I recognized that the model used in the 2015 paper —- along with the known distributions and numbers of spiral and elliptical galaxies —- violated the Principle of Mediocrity, says Whitmire. That means if a technological species was selected at random anywhere in the local universe, the probability that it would reside in an elliptical galaxy would be 99 percent. Since we earthlings don’t find ourselves in an elliptical galaxy, Whitmire says this creates what he calls a statistical paradox.

My solution was to look for physical processes that would mitigate this inconsistency, says Whitmire. Current observations show that the ancestors of today’s large elliptical galaxies were once more compact, he says. This was the key, says Whitmire. This means that when these galaxies went through their early high-energy quasar and starburst phases, the radiation doses to young planets within these galaxies would have been lethal and permanent, he says.

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Mar 24, 2020

Stephen Hawking –“Treating AI as Science Fiction Would Potentially Be Our Worst Mistake Ever“

Posted by in categories: alien life, information science, robotics/AI

“We should plan ahead,” warned physicist Stephen Hawking who died last March, 2018, and was buried next to Isaac Newton. “If a superior alien civilization sent us a text message saying, ‘We’ll arrive in a few decades,’ would we just reply, ‘OK, call us when you get here, we’ll leave the lights on’? Probably not, but this is more or less what has happened with AI.”

The memorial stone placed on top of Hawking’s grave included his most famous equation describing the entropy of a black hole. “Here Lies What Was Mortal Of Stephen Hawking,” read the words on the stone, which included an image of a black hole.

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Mar 16, 2020

Scientists have discovered the origins of the building blocks of life

Posted by in categories: alien life, evolution

:oooooo.


Rutgers researchers have discovered the origins of the protein structures responsible for metabolism: simple molecules that powered early life on Earth and serve as chemical signals that NASA could use to search for life on other planets.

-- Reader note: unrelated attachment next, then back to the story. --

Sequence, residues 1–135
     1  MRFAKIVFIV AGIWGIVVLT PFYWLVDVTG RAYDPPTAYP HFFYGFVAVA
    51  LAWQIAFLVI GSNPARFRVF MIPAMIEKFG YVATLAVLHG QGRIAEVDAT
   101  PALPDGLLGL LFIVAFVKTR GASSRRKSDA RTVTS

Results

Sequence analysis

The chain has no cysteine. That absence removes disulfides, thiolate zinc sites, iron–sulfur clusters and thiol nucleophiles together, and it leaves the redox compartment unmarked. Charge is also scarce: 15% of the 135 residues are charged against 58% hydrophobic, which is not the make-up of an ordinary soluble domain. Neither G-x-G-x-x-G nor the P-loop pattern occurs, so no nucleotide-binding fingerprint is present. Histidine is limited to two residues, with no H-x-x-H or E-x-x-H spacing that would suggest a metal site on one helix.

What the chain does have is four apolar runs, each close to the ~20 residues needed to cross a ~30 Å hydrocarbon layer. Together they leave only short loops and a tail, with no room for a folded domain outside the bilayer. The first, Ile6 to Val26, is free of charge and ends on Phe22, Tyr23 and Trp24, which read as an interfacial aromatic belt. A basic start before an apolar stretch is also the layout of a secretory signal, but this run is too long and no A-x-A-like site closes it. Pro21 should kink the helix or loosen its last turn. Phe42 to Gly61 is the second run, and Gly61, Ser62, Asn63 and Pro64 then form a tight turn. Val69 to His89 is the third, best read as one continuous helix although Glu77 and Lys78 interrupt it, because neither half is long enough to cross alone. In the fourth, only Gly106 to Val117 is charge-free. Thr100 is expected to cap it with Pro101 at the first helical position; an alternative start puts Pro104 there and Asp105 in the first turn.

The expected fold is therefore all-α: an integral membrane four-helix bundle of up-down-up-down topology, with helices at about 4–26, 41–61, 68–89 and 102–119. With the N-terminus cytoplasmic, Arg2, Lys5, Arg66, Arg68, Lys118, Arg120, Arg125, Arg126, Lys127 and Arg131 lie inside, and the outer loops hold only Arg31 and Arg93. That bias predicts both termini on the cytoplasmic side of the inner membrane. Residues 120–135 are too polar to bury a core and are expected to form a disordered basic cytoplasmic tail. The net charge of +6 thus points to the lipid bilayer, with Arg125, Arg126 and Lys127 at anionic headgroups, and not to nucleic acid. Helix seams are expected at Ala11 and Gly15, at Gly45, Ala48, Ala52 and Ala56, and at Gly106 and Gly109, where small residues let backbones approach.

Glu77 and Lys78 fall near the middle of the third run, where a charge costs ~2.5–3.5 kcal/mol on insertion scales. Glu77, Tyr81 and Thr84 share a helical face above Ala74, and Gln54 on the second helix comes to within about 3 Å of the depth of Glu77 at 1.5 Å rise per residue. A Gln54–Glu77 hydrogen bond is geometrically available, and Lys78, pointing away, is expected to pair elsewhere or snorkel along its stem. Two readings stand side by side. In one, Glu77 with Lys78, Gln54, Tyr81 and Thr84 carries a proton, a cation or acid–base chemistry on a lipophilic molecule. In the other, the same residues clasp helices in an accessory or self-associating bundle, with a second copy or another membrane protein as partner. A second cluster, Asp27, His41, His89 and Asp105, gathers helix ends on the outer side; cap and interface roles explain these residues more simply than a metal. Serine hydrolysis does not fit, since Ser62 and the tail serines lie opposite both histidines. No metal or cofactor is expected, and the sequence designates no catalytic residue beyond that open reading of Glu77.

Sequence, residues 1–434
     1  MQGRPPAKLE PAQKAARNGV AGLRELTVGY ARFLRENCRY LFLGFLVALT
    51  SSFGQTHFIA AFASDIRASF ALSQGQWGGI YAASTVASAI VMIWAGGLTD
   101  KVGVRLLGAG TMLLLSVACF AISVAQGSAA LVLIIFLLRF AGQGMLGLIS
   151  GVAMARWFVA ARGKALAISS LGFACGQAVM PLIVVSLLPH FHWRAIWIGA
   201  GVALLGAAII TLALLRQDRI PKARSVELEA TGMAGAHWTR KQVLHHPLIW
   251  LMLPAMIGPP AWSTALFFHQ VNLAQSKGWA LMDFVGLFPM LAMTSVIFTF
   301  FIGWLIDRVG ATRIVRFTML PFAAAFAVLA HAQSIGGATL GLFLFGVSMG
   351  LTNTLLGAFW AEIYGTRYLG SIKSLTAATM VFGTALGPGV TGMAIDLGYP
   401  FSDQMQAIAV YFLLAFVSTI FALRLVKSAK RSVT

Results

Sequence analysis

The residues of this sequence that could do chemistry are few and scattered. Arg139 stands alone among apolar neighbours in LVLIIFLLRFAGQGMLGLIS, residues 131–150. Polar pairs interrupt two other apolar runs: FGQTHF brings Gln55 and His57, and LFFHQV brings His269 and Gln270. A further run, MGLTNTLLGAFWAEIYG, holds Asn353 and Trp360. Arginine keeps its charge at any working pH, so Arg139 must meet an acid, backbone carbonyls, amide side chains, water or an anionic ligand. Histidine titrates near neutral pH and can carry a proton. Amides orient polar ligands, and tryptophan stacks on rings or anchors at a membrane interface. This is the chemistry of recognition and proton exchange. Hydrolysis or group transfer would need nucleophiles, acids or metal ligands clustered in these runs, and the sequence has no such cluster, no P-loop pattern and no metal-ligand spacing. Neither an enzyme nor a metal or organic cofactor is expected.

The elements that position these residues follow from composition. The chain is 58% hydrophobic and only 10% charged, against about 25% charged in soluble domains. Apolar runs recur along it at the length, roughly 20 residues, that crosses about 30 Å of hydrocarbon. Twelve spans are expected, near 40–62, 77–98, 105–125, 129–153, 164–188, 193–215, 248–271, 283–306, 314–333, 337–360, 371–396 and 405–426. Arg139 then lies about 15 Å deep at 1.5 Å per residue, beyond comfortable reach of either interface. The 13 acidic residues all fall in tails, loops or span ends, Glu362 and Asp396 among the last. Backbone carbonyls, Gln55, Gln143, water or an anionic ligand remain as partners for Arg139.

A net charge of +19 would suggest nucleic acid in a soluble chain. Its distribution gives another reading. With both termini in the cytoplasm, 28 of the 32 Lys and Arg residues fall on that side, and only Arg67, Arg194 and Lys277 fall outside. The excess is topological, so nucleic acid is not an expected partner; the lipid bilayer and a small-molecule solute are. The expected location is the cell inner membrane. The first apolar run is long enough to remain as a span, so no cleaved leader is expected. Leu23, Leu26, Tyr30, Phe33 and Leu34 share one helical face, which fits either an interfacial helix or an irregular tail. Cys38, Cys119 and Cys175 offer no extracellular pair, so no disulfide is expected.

Their study, which predicts what the earliest proteins looked like 3.5 billion to 2.5 billion years ago, is published in the journal Proceedings of the National Academy of Sciences.

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Mar 15, 2020

New Paper Suggests Life Could Be Common Across The Universe, Just Not Near Us

Posted by in category: alien life

The building blocks of life can, and did, spontaneously assemble under the right conditions. That’s called spontaneous generation, or abiogenesis. Of course, many of the details remain hidden to us, and we just don’t know exactly how it all happened.

Or how frequently it could happen.

The world’s religions have different ideas of how life appeared, of course, and they invoke the magical hands of various supernatural deities to explain it all. But those explanations, while colorful tales, leave many of us unsatisfied.

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Mar 14, 2020

Amelia Earhart

Posted by in categories: alien life, government, transportation

Based on myth and such it could a definite possibility that this tale is true.


Amelia Earhart was one of the first female pilots in Earth history. She had been on expeditions all over the world, and recalled seeing people doing all kinds of strange things to their bodies. In the mid–20th century she became famous for being the first woman to fly across the Atlantic Ocean. In 1937 she attempted to fly around the world, and on July 2nd, she and her navigator, Fred Noonan, took off from New Guinea and headed east, around the equator.

However, while over the Pacific Ocean, their Lockheed L-10 Electra airplane ran low on gas. They began looking for an atoll to set down on, and tried to send out an SOS. Suddenly, they saw a huge light behind them. The plane stopped dead, and then started moving backwards towards the light. That was the last Earhart remembered of the event. They were in fact being abducted by an alien species, the Briori. To the outside world, it appeared that the plane just vanished somewhere in the South Seas.